Primary health care providers’ knowledge and practices on asthma management within Dar es salaam region health facilities

Date of Award


Document Type


Degree Name

Master of Medicine (MMed)


Family Medicine (East Africa)


Background: Asthma is a common chronic health problem worldwide with considerable variation in the way it is managed. In the sub- Saharan Africa there is substantial gaps in asthma care; countries like Tanzania with inadequate health care structure are lagging far behind in both correct diagnosis and management of asthma. The increasing prevalence of asthma within populations is attributed to a number of the following factors; Patient behavior, Health service structure and access, Environmental factors and Provider's knowledge and practices. There is lack of required standard asthma care under provider's factors, hindering effective control of the disease. This could be attributed to lack of awareness among health care professionals on internationally available management protocols, which have proven to be effective when disseminated and incorporated for implementation into clinical practice. In the sub-Saharan Africa the competence of primary care provider in managing asthma has been put in question with varying quality of care among the providers. Few studies in sub Saharan Africa and perhaps none in Tanzania have investigated the quality of delivery of asthma care with a particular focus on the provider factor.

Objectives: Determine the primary health care providers' knowledge in diagnosing and managing asthma patients according to the existing guidelines; evaluate the actual practice involved in managing asthma patients and design a questionnaire tool that would be educative on current standards of asthma care during the interview process.

Methodology: A cross sectional descriptive survey study was designed to interview the eligible primary health care providers in health facilities within the three districts of Dar es Salaam region. 100 Primary care providers (PHCPs) were statistically identified as sufficient sample size for the study of 384 (PHCPs) target population. The structured questionnaire was administered and the initial responses were systematically coded and analyzed by computer SPSS software program; the findings were statistically analyzed for significance taken at P value < 0.05 within 95% confidence limits. Cross tabulation of data, bi variate and linear correlation analysis were applied in determining the values of important outcome variables.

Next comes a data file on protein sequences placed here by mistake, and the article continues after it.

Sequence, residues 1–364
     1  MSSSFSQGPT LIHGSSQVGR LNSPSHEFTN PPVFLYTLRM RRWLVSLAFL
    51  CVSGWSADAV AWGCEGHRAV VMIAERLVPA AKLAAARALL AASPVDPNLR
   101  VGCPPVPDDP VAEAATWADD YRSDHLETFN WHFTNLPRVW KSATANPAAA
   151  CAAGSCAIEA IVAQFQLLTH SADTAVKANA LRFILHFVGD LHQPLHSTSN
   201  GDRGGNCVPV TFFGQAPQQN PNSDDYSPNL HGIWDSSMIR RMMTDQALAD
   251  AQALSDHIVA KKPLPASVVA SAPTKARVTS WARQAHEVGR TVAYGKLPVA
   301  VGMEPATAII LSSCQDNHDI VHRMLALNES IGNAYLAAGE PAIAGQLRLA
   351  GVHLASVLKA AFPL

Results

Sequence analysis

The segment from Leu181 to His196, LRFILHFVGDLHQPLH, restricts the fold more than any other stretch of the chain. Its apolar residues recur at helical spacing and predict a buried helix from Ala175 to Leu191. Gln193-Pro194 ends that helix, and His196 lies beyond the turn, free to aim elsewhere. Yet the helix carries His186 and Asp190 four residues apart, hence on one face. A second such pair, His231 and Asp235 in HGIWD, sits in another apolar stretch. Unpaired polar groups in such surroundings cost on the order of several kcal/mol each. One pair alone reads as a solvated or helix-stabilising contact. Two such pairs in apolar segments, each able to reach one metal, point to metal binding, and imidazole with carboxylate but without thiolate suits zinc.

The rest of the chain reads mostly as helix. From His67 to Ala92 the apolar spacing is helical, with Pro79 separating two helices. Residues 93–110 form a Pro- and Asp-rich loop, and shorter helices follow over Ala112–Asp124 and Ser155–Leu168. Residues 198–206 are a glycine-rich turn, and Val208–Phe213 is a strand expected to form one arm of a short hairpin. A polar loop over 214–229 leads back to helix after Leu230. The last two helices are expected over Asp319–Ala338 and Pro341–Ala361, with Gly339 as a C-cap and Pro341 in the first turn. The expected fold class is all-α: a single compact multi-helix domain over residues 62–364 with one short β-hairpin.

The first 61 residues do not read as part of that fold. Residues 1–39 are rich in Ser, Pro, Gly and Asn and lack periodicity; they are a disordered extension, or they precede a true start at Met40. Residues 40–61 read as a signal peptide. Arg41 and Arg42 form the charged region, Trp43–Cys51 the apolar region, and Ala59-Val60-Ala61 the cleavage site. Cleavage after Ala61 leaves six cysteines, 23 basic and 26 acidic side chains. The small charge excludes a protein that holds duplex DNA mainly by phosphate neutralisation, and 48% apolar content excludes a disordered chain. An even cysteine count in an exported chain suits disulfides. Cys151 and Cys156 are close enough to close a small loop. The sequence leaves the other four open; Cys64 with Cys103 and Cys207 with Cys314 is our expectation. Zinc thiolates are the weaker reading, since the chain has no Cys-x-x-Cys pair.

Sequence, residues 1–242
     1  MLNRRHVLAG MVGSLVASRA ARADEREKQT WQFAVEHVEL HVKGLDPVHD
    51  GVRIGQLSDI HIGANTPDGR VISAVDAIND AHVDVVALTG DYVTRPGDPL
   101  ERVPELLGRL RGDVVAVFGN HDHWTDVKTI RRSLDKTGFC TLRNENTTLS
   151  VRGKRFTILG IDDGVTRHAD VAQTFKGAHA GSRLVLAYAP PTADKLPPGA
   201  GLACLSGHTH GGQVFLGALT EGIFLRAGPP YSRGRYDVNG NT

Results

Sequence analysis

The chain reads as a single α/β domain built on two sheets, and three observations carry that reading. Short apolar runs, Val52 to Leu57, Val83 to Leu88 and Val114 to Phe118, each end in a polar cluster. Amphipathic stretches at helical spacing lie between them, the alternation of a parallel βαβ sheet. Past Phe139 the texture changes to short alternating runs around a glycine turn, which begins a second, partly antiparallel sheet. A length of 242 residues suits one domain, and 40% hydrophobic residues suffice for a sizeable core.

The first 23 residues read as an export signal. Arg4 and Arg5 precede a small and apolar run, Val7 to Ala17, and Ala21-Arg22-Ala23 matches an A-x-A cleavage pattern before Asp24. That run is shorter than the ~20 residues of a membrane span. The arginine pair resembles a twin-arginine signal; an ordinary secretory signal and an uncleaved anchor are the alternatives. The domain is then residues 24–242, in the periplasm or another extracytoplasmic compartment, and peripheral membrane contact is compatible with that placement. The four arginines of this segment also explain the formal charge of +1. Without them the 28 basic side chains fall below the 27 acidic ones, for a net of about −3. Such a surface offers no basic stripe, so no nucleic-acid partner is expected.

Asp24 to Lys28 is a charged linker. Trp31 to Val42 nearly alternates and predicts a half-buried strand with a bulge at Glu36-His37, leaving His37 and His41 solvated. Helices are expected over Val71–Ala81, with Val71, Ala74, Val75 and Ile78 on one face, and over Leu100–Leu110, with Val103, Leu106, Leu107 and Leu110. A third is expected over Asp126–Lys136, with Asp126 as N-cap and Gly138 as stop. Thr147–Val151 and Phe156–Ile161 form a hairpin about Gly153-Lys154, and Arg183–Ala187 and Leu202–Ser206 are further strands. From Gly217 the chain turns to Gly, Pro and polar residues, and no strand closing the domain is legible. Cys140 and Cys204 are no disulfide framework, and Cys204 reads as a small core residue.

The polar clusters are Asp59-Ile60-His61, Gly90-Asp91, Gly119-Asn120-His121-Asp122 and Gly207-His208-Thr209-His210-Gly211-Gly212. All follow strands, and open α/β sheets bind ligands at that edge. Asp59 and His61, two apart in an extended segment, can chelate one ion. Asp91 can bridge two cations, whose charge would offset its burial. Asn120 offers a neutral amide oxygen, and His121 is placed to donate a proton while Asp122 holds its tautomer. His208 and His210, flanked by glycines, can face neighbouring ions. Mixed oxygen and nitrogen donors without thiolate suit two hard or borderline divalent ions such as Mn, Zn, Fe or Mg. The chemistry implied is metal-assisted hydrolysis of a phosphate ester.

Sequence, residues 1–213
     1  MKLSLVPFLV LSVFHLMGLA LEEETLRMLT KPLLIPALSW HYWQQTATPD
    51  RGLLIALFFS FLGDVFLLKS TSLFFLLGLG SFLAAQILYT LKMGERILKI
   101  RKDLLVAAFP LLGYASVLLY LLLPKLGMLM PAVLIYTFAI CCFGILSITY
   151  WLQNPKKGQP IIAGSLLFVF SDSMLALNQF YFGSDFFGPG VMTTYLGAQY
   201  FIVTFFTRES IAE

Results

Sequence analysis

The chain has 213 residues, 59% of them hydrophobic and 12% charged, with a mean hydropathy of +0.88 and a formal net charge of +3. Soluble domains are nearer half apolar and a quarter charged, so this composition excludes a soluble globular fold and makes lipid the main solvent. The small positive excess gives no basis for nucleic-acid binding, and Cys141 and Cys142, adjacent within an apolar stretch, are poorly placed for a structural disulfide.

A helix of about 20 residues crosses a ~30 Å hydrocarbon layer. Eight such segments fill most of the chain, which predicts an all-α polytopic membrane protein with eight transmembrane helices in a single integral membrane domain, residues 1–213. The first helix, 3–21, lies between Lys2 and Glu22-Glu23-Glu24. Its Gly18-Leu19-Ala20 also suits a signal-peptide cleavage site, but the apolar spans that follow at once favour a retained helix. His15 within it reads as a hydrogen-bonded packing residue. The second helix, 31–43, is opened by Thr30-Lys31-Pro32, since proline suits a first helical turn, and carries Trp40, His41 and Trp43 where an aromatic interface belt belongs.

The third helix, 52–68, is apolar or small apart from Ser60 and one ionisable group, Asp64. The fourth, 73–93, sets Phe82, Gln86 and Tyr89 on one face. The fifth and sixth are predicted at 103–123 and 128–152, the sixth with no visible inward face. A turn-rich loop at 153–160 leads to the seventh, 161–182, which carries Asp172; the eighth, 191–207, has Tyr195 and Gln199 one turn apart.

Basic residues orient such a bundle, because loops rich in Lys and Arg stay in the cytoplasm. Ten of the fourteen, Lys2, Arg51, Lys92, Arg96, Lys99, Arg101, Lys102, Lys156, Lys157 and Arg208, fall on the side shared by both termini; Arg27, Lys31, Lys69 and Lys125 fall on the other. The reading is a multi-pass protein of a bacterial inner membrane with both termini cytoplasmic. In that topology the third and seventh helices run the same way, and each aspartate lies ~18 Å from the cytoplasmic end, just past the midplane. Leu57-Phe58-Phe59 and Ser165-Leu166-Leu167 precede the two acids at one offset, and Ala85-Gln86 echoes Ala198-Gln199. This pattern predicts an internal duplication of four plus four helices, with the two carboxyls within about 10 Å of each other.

Results: The survey involved 110 PHCPs, the response rate was 90%and therefore 100 PHCPs responded. Assistant medical officers (NON MDs) contributed a major clinical work force in most of health facilities surveyed by 70% as compared to Medical officers(MDs) 30% (P=0.006). 5.3% of MDs were practicing in public hospitals with remaining majority practicing in private hospitals (P=0.001). The awareness among PHCPs on GINA or other international guideline on asthma care was far below at 3% despite handling a significant volume of asthma patients in their practices which accounted for 7% among disease conditions seen in an average week. The actual performance of PHCPs on Asthma KAP study was below average score by 89%; while 13% of MDs and 1.4% of NON MDs were only above average score. (P=0.041) The organization level for asthma care within all surveyed health facilities was below average score by 98% and this is thought to be one of the important factors that impacted negatively on asthma KAP among the PHCPs.

Conclusion: There urgent need to formulate local/national guideline on current asthma care management which should be disseminated and incorporated into daily clinical practice by PHCP; on the other hand the organization infrastructure for asthma care is in pathetic state in most health facilities which calls for reversal of this declining trend by concerned stakeholders so as to minimize its deleterious impact in asthma care.

This document is available in the relevant AKU library